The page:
05 December 2017

The Contradictions of Capital in the 21st Century

Pat Hudson and Keith Tribe
2016, Agenda Publishing, 240 pages,
ISBN 9781911116110

Reviewer: Bridget Rosewell, Senior Partner, Volterra

This volume of essays starts from the premise that Piketty’s Capital in the 21st Century is a wonderful book, challenging both theory and measurement.  Nonetheless, every author is highly critical either of its concepts, its measurement techniques, its policy prescriptions or indeed all of these. 

On the conceptual side, almost all of the authors point out that capital and wealth are by no means the same thing and that Piketty uses a neoclassical production function framework which should properly be applied to capital K and conflates it with wealth W, defined as any asset that can have a market value – anything from houses to fine wine. 

From pointing this out, some authors move on to discussing the measurement challenges.  There are varied challenges here, from the absence of measurements at the lower end of the income distribution to the absence of any measure of collective wealth.  This latter challenge, most notable in the paper by Hasselberg and Ohlsson on Sweden, seems very important to me and is insufficiently covered.

Piketty assumes that collective government wealth is in a fixed ratio with private wealth and is offset almost completely by sovereign debt.  Hence he ignores it.  But the rise of pension entitlements and the implied asset that these represent cannot be ignored so glibly.  Pension spending is over 40% of government spending and 8% of GDP.  The rising importance of this, its implied asset base, and the wealth this corresponds to, is crucial to thinking about wealth distribution.  Of course, tax and benefit arrangements can be rewritten, but to ignore them in thinking about a tendency for the rich to scoop more of the pool on a continuous basis seems perverse unless the rise of pension entitlements is taken into account.  In these papers, life cycles are barely mentioned, and nor is generational transfer, although these are both live current issues in policy.  According to the IFS, the median pensioner now has higher weekly disposable income after housing and dependant costs than the median worker.  What does this mean for wealth and capital?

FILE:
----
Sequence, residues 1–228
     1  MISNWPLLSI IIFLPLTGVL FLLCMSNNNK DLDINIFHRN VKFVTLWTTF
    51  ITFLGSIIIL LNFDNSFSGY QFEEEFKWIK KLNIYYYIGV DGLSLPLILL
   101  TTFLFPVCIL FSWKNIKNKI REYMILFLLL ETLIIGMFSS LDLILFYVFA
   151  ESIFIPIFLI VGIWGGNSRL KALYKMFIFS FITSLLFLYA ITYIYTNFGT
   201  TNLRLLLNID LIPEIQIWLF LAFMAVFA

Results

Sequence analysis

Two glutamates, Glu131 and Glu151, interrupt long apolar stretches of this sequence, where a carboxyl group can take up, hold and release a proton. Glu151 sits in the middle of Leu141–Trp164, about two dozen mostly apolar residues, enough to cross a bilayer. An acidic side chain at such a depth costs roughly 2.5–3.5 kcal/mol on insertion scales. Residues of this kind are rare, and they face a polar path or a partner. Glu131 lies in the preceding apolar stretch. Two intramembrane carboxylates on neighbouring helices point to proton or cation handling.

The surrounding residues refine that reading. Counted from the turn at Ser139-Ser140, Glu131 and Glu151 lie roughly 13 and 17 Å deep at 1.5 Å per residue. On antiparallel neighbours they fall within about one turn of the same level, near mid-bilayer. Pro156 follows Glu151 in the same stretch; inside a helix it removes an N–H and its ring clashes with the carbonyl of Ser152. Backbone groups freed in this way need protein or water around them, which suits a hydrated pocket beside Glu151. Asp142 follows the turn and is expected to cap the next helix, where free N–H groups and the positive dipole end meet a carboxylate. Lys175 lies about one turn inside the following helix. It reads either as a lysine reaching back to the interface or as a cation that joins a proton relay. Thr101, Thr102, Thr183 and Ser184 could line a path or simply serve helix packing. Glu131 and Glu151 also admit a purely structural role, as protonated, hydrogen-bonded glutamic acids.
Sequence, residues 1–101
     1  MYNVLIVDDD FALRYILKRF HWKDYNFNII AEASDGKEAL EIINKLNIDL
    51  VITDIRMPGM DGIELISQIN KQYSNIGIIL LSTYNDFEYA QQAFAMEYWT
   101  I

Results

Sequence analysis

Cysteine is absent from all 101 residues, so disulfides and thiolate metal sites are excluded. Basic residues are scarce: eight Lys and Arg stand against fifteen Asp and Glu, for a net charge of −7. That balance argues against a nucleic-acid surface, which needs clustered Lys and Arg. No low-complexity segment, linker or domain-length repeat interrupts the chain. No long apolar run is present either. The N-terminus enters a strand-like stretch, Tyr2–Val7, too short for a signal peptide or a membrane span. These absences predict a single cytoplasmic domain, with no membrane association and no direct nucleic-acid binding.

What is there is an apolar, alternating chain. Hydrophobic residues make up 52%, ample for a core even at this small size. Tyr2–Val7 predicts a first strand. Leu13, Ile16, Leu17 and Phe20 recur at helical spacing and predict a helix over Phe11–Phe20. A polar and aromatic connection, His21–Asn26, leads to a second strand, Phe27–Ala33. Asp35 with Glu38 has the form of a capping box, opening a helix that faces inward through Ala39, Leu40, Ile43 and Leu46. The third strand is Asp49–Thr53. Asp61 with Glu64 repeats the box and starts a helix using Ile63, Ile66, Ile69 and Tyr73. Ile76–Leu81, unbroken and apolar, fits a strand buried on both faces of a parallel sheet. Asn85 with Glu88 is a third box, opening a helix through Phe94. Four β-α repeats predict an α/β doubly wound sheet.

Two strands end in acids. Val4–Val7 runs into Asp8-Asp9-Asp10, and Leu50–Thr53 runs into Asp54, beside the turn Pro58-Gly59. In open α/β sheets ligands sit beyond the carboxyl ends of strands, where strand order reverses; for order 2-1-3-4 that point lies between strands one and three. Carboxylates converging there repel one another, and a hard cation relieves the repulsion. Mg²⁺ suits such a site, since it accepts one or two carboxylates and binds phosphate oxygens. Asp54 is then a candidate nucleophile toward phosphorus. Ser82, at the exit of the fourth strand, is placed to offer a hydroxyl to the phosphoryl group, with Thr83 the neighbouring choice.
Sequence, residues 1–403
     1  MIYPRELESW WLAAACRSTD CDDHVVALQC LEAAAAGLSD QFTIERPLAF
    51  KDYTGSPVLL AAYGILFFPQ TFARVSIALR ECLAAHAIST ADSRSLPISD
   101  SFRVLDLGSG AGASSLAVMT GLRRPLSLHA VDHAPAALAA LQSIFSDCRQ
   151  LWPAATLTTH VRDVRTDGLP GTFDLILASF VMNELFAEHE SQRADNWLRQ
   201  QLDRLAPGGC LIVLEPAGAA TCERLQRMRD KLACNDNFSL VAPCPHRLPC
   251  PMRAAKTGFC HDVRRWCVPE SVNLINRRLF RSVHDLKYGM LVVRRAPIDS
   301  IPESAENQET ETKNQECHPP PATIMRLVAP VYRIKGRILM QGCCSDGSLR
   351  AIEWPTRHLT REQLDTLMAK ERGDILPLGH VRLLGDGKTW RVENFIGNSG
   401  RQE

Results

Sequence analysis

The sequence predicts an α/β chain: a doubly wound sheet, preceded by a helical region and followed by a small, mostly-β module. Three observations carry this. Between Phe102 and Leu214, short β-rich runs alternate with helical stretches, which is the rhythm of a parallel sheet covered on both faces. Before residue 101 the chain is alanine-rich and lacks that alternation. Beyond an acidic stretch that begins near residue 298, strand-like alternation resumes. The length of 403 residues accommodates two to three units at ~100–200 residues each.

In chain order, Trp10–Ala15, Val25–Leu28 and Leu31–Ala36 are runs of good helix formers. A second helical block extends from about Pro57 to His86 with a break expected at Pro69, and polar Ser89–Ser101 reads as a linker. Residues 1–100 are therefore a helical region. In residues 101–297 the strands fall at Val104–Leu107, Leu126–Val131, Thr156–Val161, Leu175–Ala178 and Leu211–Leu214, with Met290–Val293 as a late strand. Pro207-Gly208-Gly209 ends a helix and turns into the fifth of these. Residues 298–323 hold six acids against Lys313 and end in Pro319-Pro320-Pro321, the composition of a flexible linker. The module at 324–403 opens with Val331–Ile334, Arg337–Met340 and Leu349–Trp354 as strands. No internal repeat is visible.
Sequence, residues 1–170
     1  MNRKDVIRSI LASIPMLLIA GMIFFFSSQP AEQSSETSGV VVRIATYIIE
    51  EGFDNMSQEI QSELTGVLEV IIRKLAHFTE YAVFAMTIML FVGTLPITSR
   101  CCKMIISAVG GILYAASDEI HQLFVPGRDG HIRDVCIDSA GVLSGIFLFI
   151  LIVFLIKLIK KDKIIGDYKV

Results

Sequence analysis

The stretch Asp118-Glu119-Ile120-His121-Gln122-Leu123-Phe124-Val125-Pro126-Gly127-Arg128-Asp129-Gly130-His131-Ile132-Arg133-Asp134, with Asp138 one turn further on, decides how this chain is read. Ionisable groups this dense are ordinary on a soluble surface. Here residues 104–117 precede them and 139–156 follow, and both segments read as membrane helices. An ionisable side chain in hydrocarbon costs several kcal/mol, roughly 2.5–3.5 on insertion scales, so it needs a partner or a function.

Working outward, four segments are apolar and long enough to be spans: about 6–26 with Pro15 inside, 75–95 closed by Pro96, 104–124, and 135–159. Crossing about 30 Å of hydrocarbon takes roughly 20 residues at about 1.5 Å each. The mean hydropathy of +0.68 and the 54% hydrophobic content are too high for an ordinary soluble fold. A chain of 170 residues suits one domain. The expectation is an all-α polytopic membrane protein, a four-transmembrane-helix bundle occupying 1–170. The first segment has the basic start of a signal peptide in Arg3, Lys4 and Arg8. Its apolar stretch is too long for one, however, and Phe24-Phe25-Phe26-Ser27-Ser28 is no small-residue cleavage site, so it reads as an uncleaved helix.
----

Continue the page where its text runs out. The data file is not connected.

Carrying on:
Another aspect of wealth accumulation which gets attention in many of the papers as an omission is housing wealth.  It is the inclusion of housing wealth that ensures that capital grows faster than income – at least it would appear to, though none of these authors provide exactly that calculation. 

This volume is, I hope, the first step in unpacking both the assertions and the opportunities created by Piketty.  One question raised by Harcourt and Tribe in the first essay in the series goes to the heart of the issue – which is the assertion that inequality is bad.  They ask if this it true but cannot provide an answer.  It might of course be that inequality is inevitable but the fight to remove it is still worthwhile.  It might be, as the stylised facts used to show, that increasing inequality is a necessary part of creating effective markets which creates the level of GDP which makes reducing inequality and raising all living standards possible.  This stylised fact has been challenged by more recent rises in inequality of incomes.

However, this does not make it clear which is the more ‘natural’ state, let alone whether the rise of the rentier is a necessary law of capitalism.  It may just as well be that there are long cycles in such patterns and that the Kuznets cycle challenged by Piketty is just about to repeat itself.

Marxists in particular like to find general laws that permit long swings of history and support both the immiseration of the proletariat and the long run decline in the rate of profit.  The twentieth century largely bucked this trend.  A visceral dislike of capitalism would like to see it resume in the 21st, but it isn’t clear from Piketty or from this volume that either the statistics or the concepts support this conclusion.

This is not to say that the matter is closed.  Pat Hudson’s essay sets out the agenda that needs to be followed to unpack the institutional, political and geographical trends, while the essays about non-Western countries also set out how the picture can be quite different.  Everywhere appears to be an exception to the rule – in which case the rule, whatever it may actually be, does not seem to have much meaning.

At present, there are some knotty conundrums about the role of new technology in productive capital, and whether investment is less finance intensive than previously.  There are big questions about pension wealth, and about the monetisation and financialisation of economies.  How far can sale and leaseback go, if increasingly economies are in hock, while their populations expect a lengthy retirement? 

We now need another volume which begins to set out some of the statistics surrounding these questions.  Piketty managed to avoid too much algebra or the swamps of multiple regressions which purport to separate out factors which are in fact interdependent.  But he probably asked the wrong question in focusing on wealth and incomes of the top 10 percent.  It’s the median which matters.